GOP senator: Not 'palatable' for many federal workers to take out loans during shutdown

Sen. Mike RoundsMarion (Mike) Michael RoundsOvernight Defense: Pentagon policy chief resigns at Trump's request | Trump wishes official 'well in his future endeavors' | Armed Services chair warns against Africa drawdown after trip GOP chairman after Africa trip: US military drawdown would have 'real and lasting negative consequences' Trump pick for Fed seat takes bipartisan fire MORE (R-S.D.) said Thursday that it's not "palatable" for many federal workers to take out loans for financial assistance during the ongoing partial government shutdown.

Rounds was asked on CNN about comments by Commerce Secretary Wilbur RossWilbur Louis Ross2020 census to run ads on 'Premio lo Nuestro' Can the US slap tariffs on auto imports? Not anymore On The Money: Slowing economy complicates 2020 message for Trump | Tech confronts growing impact of coronavirus | Manufacturing rises after five-month contraction MORE, who said earlier in the day that he didn't understand why some federal workers were resorting to food banks when they could take out guaranteed loans.


"I think what he’s suggesting is an alternative, but it's not one that’s palatable to a whole lot of people," Rounds said. "And it does suggest that maybe we’re not understanding how serious this is, not just to government workers but to contractors and also to the people that they offer services to."

"It’s not like these individuals aren’t providing services to the rest of the American public," Rounds added, noting that Americans rely on services from agencies such as the Coast Guard and Agriculture Department that are without funding during the shutdown.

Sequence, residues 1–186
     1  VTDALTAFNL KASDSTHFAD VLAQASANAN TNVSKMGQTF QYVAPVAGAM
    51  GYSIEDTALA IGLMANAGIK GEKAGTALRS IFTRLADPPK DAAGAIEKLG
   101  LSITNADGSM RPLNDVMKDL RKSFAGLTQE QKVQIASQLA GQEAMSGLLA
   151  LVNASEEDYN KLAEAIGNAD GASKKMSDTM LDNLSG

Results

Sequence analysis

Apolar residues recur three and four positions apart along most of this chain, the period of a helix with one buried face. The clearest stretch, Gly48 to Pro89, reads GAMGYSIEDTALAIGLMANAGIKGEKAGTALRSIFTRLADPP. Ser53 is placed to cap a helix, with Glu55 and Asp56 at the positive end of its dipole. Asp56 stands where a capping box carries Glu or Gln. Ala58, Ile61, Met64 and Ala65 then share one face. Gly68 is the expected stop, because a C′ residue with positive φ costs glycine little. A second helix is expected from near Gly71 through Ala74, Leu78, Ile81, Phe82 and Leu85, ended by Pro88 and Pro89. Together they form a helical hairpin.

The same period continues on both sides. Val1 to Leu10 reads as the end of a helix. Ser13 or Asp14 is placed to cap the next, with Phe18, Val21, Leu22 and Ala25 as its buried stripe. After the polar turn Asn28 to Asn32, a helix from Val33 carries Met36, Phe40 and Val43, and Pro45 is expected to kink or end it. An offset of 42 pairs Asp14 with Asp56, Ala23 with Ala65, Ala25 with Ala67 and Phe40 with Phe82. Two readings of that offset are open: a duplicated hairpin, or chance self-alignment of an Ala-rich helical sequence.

Rounds suggested that members of Congress should not be paid or be eligible for back pay if the government shuts down in the future.

Ross, who is reportedly worth $700 million, stirred controversy by downplaying the economic impact of 800,000 federal employees being furloughed or working without pay during the shutdown, which was sparked by an impasse over President TrumpDonald John TrumpAdvisor: Sanders could beat Trump in Texas Bloomberg rips Sanders over Castro comments What coronavirus teaches us for preventing the next big bio threat MORE's demand for border wall funding and has lasted 34 days and counting.

He added that he didn't "really quite understand why" a number of those going without pay have gone to food banks or shelters in recent weeks.

"The 30 days of pay that some people will be out, there’s no real reason why they shouldn’t be able to get a loan against it, and we’ve seen a number of ads of financial institutions doing that," Ross said. 

Hundreds of banks and credit unions have offered low- or no-interest loans against back pay to federal workers who will not be paid until the shutdown ends. Furloughed contractors, however, may not receive any back pay once the shutdown ends. 

If the shutdown stretches into next week, federal workers will miss a second paycheck.

The Senate is set to vote Thursday on a pair of measures that could end the shutdown, though neither is expected to receive the 60 votes needed to pass.